To go to the beginning of this book, Tropic Moon: Memories, click HERE.
In daylight we found ourselves anchored well out from the town of Charlestown, but as we only intended to stay long enough to repair our gear and rest up, we didn't bother moving in closer to shore. We had stopped at Nevis the previous year when we had our problems on the passage from St. Maarten to Antigua. I told Ed, since fate kept dropping me off at Nevis, sometime I really ought to go ashore and see the island. (I never did.) While Ed did repairs, I spent the first day cleaning up the boat, drying out clothes, and cooking. I had trouble eating on the trip because of the heavy motion; I had subsisted on chocolate cookies. Not having had a regular meal in three days, I was half-starved. I made a mushroom quiche for lunch, chicken cacciatore for dinner, and snacked on everything in sight the rest of the day.
I took to studying the chart, and measured the distance between our anchorage on Nevis, and English Harbour on Antigua. It was 50 seagull miles (that's in, "as the seagull flies," since I doubted they had crows in the Caribbean). We would be continuing on a windward beat. I'd worked out a formula for determining how many miles Tropic Moon would have to sail to cover a certain number of seagull miles, when traveling to windward. I took the number of sea gull miles, in this case 50, and multiplied it by 2-1/2, which gave me 125 Tropic Moon miles. Dividing 125 miles by our average 5 miles/hour, that would give us a sailing time of 25 hours from Nevis to Antigua.
I presented my figures to the captain, who, in truth, did scoff a bit, but who agreed to an overnight sail, with a departure time of 2:00 p.m. the next day. We had the anchor up, and were leaving the harbor on Nevis at 2:30 p.m. We anchored the following afternoon in English Harbour at 3:30 p.m., 25 hours later. Actually, I was a little surprised myself that it worked out that well. We covered 134 miles, motoring for the last few hours through the strong currents off Antigua's southern coast. Our "two day" trip from Tortola to Antigua ended up being four days and three nights of sailing, with a two-day stop at Nevis, and a distance covered of almost 400 miles.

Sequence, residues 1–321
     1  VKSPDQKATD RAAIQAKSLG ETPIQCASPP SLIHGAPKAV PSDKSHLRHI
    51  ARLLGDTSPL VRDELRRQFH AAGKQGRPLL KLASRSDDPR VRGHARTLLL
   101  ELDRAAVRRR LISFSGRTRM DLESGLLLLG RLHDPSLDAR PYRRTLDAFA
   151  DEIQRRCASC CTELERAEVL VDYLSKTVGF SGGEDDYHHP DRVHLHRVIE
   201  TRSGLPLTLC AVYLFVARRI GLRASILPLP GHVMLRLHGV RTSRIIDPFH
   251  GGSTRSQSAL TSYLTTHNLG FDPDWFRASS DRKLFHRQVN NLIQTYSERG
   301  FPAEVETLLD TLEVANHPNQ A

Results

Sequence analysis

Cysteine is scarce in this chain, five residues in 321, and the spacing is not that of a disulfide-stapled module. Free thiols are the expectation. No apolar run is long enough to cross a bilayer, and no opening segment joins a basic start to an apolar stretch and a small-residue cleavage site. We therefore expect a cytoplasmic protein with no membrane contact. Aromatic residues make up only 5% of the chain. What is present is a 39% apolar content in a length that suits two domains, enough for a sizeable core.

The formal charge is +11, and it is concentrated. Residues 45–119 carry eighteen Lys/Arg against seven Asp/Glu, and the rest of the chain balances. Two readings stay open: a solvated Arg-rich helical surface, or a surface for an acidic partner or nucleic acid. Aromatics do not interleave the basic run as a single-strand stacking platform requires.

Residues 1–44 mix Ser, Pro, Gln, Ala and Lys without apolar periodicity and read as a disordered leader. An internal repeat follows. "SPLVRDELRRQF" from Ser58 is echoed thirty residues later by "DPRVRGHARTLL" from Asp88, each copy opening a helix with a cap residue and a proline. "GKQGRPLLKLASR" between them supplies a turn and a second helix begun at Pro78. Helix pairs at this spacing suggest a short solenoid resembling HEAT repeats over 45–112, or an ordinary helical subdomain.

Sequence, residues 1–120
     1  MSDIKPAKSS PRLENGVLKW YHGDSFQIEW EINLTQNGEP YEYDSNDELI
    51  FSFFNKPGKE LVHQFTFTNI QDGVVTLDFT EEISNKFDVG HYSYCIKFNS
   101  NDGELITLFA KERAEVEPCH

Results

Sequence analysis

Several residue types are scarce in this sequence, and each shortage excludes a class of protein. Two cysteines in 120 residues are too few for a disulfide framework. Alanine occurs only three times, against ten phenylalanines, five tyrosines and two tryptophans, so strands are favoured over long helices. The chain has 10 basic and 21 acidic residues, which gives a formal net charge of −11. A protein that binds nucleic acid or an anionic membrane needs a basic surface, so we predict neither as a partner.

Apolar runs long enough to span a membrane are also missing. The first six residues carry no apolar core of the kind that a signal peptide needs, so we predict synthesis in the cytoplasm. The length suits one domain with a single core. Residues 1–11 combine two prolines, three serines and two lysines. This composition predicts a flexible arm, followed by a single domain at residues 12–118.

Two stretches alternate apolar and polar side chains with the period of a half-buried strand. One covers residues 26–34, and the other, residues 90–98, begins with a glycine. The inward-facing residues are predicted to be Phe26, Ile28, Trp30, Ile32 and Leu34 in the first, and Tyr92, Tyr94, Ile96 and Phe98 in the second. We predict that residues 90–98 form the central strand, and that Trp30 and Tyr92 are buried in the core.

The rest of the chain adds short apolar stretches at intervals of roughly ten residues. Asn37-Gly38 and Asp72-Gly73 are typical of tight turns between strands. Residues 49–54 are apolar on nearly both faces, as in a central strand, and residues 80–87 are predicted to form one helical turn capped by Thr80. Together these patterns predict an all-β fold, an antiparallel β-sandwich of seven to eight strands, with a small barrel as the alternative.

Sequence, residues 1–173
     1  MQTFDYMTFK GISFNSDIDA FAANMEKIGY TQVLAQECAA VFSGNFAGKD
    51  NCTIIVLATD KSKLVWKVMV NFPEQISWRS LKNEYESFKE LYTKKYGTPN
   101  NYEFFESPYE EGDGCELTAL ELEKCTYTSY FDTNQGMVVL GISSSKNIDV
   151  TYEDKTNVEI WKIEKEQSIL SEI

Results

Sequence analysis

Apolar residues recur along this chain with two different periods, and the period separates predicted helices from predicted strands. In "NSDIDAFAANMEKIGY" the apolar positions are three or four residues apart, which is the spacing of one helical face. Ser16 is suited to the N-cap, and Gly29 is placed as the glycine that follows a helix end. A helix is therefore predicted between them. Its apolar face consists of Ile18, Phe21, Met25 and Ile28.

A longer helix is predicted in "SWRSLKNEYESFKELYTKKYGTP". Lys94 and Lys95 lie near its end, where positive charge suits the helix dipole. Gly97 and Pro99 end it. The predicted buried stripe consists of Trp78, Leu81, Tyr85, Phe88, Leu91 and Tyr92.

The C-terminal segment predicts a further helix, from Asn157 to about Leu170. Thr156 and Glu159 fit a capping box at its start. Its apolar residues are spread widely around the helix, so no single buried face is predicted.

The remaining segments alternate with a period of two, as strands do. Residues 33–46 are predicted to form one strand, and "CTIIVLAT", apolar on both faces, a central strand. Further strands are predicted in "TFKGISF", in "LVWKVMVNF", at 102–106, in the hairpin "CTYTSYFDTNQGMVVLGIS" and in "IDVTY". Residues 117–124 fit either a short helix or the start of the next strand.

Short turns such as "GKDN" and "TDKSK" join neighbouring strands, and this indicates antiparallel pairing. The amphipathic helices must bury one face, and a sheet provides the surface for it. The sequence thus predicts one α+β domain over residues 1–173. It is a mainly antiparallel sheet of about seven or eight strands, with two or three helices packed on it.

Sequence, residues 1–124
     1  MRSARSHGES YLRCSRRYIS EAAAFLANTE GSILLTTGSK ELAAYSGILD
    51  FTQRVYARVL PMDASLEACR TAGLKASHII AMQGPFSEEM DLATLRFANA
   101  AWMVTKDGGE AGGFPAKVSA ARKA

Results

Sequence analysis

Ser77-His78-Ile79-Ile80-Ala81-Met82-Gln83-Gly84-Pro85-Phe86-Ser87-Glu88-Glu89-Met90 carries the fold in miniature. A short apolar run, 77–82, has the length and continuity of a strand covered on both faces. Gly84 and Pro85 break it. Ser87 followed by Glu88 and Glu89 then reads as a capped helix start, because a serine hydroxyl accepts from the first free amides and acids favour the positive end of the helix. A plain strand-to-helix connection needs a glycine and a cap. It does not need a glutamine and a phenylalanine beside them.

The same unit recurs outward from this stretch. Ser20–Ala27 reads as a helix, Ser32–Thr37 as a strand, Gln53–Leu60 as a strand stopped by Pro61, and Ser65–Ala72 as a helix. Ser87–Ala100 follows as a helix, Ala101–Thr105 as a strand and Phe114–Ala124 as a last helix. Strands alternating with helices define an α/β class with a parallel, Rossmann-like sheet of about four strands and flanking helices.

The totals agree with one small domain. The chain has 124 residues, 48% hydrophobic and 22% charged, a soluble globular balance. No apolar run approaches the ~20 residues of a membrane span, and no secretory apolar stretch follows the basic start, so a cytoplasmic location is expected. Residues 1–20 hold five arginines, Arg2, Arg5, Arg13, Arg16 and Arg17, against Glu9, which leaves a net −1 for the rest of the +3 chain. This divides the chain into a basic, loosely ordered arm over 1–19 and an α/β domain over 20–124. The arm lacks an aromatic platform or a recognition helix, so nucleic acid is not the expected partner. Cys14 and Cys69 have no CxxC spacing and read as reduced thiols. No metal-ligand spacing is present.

The people on Aspen Leaf (back in Maya Cove), had asked us to keep an eye out for friends of theirs, on a boat called Different Drummer. Bruce and Roxie weren’t sure where we’d see them, but thought it was about the time when Different Drummer would be moving from St. Maarten, where they spent the summer, to Antigua, where they were planning on spending the winter. We entered English Harbour about a half hour behind a smaller sailboat we’d noticed traveling ahead of us. When we anchored in the outer bay to await the Customs and Immigration Officers, we saw that the little boat was Different Drummer. They also had their yellow quarantine flag raised to request clearance. As the Customs dinghy wasn’t operating, the Customs officers were hitching around the harbor. When they were finished on Different Drummer, David brought them over to Tropic Moon. I introduced myself, mentioned the Aspen Leaf people, and invited them over for drinks the next night.
David and Jill White were from England. They’d sailed Different Drummer, which was only 28 feet long, across the Atlantic. They hoped to stay in the Caribbean, and were partially supporting themselves with Jill’s scrimshaw work. Jill had studied the craft with a Portuguese artist they’d met when passing through the Azores. Scrimshaw is fine etching done on the ivory of whales’ teeth. It’s an old and beautiful craft that reached its peak during the 18th and 19th centuries at the hands of the men who crewed and worked America’s whaling ships. David cut the cross sectional slices from the large teeth and polished them. Jill carved extremely detailed designs with a very fine knife, and colored in the pictures with inks. I purchased a pretty pendant showing one of the native fishing sloops popular in the islands. (See photo above.)
We spent a week in English Harbour, visiting with people, and watching the ongoing restoration of Nelson’s Dockyard. One day we took the bus into St. John to do some shopping. We devoted a couple days to sanding and varnishing what seems to be (when we’re working on it), an endless amount of teak woodwork. That project finished, it was time to head north again.